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“If the brain were so simple we could understand it, we would be so simple we couldn’t” – Watson, Lyall
I hope everyone is having a splendid winter so far. Unfortunately, many people find it difficult to engage in outdoor or even indoor exercise this time of year due to the winter blues. Some people may even experience major depression caused by the shorter days, and may find it difficult to crawl out of their warm, cozy bed. If it is very cold outside, some folks won’t even venture outside.
In part, genetics may play a role. Indeed, slowing down and feeling depressed during the winter may be related to the hibernation response in other animals- Metabolic depression in hibernation and major depression: an explanatory theory and an animal model of depression.
This is fascinating research. It’s not necessarily easy to “prove” anything either way with this kind of speculation; even if it were “proven” that depression is related to hibernation, it doesn’t necessarily mean you have to “hibernate” if you feel depressed, unless you are a bear. Understanding that there is a connection between the two could lead to a better understanding of depression and more effective ways to overcome it.
What we know already may already be helpful for some. In many animals, the hibernation response is turned on by light deprivation due to shorter winter days and/or lower temperatures. SAD(seasonal affective disorder) is a form of depression that tends to affect people more during the winter. Lack of light may play a role, and so logically, “light therapy” by using a light box in the morning may be beneficial for those affected – Seasonal affective disorder: an overview.
If you have eye problems though, using a light box may not be a good idea. It doesn’t work for everyone since the brain is very complex and we all have our own unique biochemistry. Some people are more sensitive to light than others. Whatever you do, keep on exercising, and try to expose yourself to extra light in the morning if you have SAD. If you think you have serious depression, seek professional help.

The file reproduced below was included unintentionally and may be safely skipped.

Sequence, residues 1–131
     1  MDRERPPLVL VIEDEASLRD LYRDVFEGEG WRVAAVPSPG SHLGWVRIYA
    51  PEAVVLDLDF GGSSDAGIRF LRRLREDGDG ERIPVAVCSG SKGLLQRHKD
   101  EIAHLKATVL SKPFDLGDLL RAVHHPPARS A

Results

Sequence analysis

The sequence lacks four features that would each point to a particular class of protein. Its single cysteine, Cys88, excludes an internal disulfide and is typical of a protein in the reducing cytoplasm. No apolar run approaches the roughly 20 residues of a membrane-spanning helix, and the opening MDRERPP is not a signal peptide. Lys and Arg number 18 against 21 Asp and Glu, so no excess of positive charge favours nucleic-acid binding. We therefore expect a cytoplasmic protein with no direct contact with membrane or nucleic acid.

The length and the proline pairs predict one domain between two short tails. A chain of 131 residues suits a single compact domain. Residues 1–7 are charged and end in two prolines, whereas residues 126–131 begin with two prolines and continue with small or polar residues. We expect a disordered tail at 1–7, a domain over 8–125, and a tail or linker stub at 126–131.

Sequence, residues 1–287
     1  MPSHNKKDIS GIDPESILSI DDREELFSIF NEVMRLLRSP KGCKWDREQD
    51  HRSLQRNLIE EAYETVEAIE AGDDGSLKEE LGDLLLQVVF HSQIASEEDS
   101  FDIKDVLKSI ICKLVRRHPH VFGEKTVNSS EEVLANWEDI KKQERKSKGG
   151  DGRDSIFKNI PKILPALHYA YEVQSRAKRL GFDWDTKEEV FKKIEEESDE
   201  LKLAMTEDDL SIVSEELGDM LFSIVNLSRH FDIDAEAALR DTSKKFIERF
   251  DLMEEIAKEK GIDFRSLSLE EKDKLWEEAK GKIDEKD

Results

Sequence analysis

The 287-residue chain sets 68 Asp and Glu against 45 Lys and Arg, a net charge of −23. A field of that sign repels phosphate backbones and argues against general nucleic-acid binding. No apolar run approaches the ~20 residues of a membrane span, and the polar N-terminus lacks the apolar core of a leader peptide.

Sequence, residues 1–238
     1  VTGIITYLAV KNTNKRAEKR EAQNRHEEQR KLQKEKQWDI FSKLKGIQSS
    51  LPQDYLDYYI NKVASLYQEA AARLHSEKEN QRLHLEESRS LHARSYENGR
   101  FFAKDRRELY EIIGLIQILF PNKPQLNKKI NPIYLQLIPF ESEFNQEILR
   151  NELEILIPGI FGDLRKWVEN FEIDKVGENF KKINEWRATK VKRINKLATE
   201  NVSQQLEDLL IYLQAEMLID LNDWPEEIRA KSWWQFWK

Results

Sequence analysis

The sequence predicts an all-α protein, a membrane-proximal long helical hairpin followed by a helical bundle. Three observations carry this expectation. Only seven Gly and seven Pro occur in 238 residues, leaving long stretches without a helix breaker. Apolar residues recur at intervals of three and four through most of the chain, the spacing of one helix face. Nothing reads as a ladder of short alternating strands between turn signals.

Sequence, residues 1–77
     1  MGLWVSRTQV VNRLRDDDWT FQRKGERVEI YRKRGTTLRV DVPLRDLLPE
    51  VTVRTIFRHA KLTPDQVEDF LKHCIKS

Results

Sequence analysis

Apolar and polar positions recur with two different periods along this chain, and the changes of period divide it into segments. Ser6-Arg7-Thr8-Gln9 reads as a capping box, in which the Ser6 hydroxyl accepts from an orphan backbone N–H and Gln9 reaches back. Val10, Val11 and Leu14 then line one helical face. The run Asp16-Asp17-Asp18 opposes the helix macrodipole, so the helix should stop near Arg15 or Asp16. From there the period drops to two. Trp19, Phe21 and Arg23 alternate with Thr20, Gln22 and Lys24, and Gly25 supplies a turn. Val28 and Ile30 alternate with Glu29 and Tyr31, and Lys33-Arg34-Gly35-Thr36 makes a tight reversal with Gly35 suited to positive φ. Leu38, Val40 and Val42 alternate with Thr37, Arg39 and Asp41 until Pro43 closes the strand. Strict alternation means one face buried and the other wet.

I must admit that I sometimes feel a little blue in the morning this time of year, but a quick juggle or some exercises and turning on all the lights seems to help me quickly overcome it. It is nothing serious luckily. I never drink coffee or caffeinated beverages, so I have to rely on intense exercise, and sometimes eating or drinking something very spicy to help wake up my system.
I don’t joggle early in the morning usually(though I often juggle a little), since I tend to drop the balls too much if I joggle soon after waking(the darkness doesn’t help) and I often don’t have the time anyway. I just do it later in the day. On the rare occasion I do a long, very early morning joggle(I mean around 5:30 AM to 7:00 AM), I notice I am slowly improving. Ideally, I’d like to do more joggling at this time of day, and so I continue to study various approaches to quickly overcoming early morning grogginess without caffeine. I’m open to any new suggestions.
I hope everyone is having a good year so far. I am slowly improving my juggling technique and want to share my impressions of the road to getting to advanced juggling and the benefits of juggling.
One of the worst things about juggling is it is very unforgiving of poor technique and effort. But this is also one of the best things about juggling. Not giving it your all means you are much more likely to drop the balls. You can’t fool yourself into thinking you are putting in more effort than you really are.
It is often too easy to fool yourself with other forms of exercise, while walking or even running, on certain exercises machines, or doing martial arts or dance aerobics, etc. In this way, jumping rope is similar to juggling in that you can’t get away with poor technique – the rope will eventually catch your leg if you do it wrong. This is one of the reasons I sometimes recommend jumping rope as a prerequisite to fitness juggling. The rope won’t lie to you. In juggling, the balls won’t lie to you either. A good juggling form is a thing of beauty, and in beauty there is truth.
This makes juggling balls one of the best, most accurate feedback mechanisms when it comes to fitness. They are an excellent teacher for so many different exercisers, even if juggling or joggling isn’t their main form of exercise. This would probably make joggling one of the best forms of cross-training for running – since joggling is less forgiving of bad posture than running, it would be a good idea to use your joggler’s posture while running, to ensure good form.
Good form and coordination requires you to pay attention, to use your brain. Juggling is one of the very few exercises outside of playing some sports that targets your brain. Studies even show brain growth in parts of the brain that control movement. Think of the brain like a muscle – use it or lose it. It would require a whole series of posts or even a dissertation to explain why juggling is so neglected in the fitness world, and how to overcome this.